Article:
Friday, January 15, 2010

The Five Dollar Shake

Vince:  "Did you just order a five dollar shake?"
Mia:  "Ummhh."
Vince:  "It's a shake.  That's milk and ice cream."
Mia:  "Last I heard."
Vince:  "That's five dollars?  You don't put bourbon in it or nothin'?"
Mia:  "No."
Vince:  "Just checking."
I just signed up for my first race of 2010.  The Dallas Rock-n-Roll Half Marathon on March 14.  The entry fee was $100.  Upon seeing the price, I immediately thought of the above scene from Pulp Fiction (the second best movie ever made), which takes place just after Mrs. Mia Wallace orders the "Five Dollar Shake" at Jack Rabbit Slim's.  Vincent Vega cannot believe that anyone would pay $5 for a milkshake.  And I cannot believe that anyone would pay $100 for an event that lasts less than 90 minutes.  But I did.  And I'm sure I will again.  And it will cost me approximately $1.15 a minute.  Hopefully my response after running in what I am now calling the "Hundred Dollar Half" will be similar to Vince's after he tried the "Five Dollar Shake."  (Look it up.  I'm not posting it because I was censored the last time I went above a G rating!).

The plan for the first part of this year was to spend time in the water.  I owe AC (i.e., New Coach--AC are his initials)  a 12 week swimming block, and we'll get to that.  But first things first, I need a solid qualifying time from a half marathon in order to get into a good starting coral for the Chicago Marathon this Fall.  I planned on just taking it fairly easy and going under 1:35 to make sure I'm at least in Coral B.  I have no worries that I can do that without missing a beat in my training.  To get into Coral A, however, I need to go under 1:25:59, which will require significantly more effort without moving me up that much further to the starting line in Chicago.  When I explained this to AC, he responded with:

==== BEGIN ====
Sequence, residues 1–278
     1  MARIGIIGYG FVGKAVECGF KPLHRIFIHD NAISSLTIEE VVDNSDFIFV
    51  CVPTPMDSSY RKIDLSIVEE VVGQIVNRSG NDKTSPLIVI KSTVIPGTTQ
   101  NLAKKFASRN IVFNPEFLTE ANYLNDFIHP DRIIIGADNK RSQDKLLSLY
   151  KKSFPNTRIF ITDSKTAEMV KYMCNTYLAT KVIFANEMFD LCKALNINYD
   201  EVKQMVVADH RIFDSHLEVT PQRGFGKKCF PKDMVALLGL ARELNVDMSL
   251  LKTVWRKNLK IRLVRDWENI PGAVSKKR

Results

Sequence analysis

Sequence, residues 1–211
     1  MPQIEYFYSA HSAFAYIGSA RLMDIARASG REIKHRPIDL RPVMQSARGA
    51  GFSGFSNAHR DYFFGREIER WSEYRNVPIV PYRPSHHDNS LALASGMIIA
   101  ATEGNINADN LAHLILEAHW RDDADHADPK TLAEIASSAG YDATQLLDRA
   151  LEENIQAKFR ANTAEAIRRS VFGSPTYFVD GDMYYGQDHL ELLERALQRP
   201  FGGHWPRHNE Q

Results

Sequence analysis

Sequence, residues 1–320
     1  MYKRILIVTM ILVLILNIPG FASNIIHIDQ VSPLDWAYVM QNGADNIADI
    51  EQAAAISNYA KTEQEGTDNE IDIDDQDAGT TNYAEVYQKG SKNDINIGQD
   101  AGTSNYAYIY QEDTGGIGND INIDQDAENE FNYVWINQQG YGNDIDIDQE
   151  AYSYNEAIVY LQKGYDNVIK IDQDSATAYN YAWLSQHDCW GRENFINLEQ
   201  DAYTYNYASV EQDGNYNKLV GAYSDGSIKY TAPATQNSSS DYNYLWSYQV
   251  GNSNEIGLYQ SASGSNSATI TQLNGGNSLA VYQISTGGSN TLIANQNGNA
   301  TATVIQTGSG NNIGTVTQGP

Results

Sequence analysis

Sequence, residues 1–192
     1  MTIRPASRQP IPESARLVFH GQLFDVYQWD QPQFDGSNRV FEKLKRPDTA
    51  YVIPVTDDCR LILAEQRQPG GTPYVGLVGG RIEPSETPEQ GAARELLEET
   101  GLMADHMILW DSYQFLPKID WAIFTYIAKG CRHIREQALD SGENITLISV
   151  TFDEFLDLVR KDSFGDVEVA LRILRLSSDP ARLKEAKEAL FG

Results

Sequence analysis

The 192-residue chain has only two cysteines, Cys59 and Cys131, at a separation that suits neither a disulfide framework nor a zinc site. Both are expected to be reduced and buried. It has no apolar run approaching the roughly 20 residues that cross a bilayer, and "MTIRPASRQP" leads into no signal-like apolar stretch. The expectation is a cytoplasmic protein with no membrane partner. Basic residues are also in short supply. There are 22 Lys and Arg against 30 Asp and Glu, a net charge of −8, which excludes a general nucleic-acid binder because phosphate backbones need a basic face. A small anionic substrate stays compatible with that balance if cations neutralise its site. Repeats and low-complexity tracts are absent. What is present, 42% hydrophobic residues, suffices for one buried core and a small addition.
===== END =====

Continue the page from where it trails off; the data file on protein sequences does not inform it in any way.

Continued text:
"If you're going to race, then let's RACE!"

That sounds fun!  And a little scary, since I haven't done any really hard work for him yet.  And I've been complaining about how easy he's making me run and ride.  I've been warned that my time is coming.  And I'm guessing my days of complaining about easy workouts are quickly coming to an end.  Oh boy?!

In the meantime, today marks the halfway point for the 30 Runs in 30 Days challenge.  So far it has been easier than I thought it would be.  Leading into this, the most days in a row that I had ever run was probably five, and that would have been in college.  In the past few years I haven't even run a lot of back-to-back days, much less 30 of them in a row!  This had me a little apprehensive about how my body would hold up.  But once the first week was out of the way, I felt a lot more at ease with these runs.  Rather than getting more difficult as the month goes on, I'm finding that the runs are actually getting easier.  I feel like just 15 days of consistency has already made me more resilient.  Probably because I wasn't allowed to run hard, thus injuring myself. 

Thanks, AC.  I'll try to save my complaining for the whip instead of the leash.

1 comment:

Michael Bowen said...

Barry - an interesting commentary. I scream in horror at the thought of spending $100/half, too. But working intermittently with the (NOTC) club liaison to the Rock n' Roll people (Competitor Group), I've begun to learn where the money is going. These guys have it down pat. Every possible logistical problem or nightmare which could happen on race day (especially when it comes to participant safety) has been worked through, a comforting thought when seen through the eyes of a club worker/race director.

As an RRCA rep, we're constantly talking to clubs about managing risk on and leading up to race day. The mantra which we've taken up is: 'are you willing to lose your house over this decision?' Sometimes well-meaning race directors place undue risk on their clubs by doing stupid stuff...which often means the need for legal eagles like you to remind we don't have to look foolish when the lawsuit comes.

I think of it as the difference between buying a $200 aluminum Cannondale and buying a $2000 carbon fiber Kuota. Yes, you have a bike, but you DO get what you pay for.

Tweeting My Training (and other random thoughts)

Twitter Updates

    follow me on Twitter